Arcologies, eco-shelters and environmental exemption
- constructing new divisions and inequalities in the Anthropocene’
Tokyo in the future? Photo: Flickr
Professor Nigel South presents a brief history of spatial, volumetric and symbolic constructions that have arisen to enclose or divide.
South will describe the emergence of markets that promise to provide ‘environmental exemption’; the ability to pay will (supposedly) enable access to ‘clean’, ‘green’, ‘pure’ and ‘politically free’ environments.
The inspirations and motivations underpinning these new markets have been stimulated and shaped by a variety of 21st century developments.
These include: anticipation of the future deterioration of environmental conditions now being predicted; growing support for and investment in experiments in non-traditional governance and ‘radical individualism’; the interest of the ultra-wealthy in expensive properties offering proximity to spectacular nature but with reinforced structures and capability of hiding ‘off-grid; and the climate of populist support for forms of diplomacy and politics based on ‘building walls rather than bridges’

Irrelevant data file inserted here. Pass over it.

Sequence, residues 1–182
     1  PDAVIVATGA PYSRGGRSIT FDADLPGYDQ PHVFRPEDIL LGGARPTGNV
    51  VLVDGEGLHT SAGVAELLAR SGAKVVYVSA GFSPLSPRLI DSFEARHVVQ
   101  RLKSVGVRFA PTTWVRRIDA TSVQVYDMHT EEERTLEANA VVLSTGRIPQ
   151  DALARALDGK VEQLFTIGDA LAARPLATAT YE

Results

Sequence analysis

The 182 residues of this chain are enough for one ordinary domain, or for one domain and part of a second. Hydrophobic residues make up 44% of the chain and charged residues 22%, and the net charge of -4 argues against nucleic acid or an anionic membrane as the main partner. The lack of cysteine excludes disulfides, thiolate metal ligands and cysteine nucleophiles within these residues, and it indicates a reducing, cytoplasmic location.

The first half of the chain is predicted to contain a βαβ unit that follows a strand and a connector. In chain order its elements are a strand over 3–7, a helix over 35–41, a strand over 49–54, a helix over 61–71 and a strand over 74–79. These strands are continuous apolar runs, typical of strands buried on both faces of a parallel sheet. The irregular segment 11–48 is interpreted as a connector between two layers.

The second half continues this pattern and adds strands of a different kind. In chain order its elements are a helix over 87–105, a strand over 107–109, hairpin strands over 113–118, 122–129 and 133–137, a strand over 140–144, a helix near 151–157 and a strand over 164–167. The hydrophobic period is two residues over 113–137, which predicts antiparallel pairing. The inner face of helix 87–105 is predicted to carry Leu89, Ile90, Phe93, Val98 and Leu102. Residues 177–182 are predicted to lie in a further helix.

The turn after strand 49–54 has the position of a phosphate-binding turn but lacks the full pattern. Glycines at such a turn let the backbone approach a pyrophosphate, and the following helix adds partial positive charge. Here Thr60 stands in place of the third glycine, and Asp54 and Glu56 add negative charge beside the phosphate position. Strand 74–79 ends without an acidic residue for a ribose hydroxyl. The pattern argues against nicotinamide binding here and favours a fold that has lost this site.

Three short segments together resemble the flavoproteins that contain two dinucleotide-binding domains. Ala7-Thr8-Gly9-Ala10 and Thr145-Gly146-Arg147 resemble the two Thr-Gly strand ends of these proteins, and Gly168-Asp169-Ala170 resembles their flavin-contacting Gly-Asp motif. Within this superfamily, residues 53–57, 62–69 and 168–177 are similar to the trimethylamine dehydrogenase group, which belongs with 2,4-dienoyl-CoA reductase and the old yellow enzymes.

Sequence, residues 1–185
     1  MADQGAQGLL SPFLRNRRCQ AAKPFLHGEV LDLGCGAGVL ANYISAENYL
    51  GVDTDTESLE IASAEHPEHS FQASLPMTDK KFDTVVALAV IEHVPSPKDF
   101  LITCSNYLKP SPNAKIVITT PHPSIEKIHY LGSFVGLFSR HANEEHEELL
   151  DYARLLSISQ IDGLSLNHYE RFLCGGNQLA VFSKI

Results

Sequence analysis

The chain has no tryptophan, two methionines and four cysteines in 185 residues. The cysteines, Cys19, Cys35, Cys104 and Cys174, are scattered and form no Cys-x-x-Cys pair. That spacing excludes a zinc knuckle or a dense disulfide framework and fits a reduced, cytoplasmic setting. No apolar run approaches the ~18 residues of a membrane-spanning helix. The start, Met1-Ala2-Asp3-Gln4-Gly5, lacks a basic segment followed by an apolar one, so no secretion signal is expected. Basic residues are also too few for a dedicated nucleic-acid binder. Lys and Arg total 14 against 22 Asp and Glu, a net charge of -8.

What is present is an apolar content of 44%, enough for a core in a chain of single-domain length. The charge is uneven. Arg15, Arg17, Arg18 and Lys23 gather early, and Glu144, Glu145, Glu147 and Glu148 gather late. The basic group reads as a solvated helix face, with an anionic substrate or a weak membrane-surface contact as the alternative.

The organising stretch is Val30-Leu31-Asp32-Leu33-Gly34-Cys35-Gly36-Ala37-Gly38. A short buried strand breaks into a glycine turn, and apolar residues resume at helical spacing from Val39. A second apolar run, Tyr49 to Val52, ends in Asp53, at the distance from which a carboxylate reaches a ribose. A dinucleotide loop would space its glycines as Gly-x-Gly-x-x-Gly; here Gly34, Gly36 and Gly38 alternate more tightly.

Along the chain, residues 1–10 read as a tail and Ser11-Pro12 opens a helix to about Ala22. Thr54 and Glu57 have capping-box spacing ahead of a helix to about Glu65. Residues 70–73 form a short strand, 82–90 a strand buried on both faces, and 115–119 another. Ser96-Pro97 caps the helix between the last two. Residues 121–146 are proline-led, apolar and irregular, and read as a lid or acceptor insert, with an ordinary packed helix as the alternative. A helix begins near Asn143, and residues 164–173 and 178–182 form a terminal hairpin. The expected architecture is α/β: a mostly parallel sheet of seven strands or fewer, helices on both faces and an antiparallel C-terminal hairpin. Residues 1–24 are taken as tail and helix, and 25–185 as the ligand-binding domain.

What will be the implications of these possible projects of ‘salvation’ or ‘segregation’ of these planned and existing eco-enclaves and to social and environmental justice?
This is an open lecture.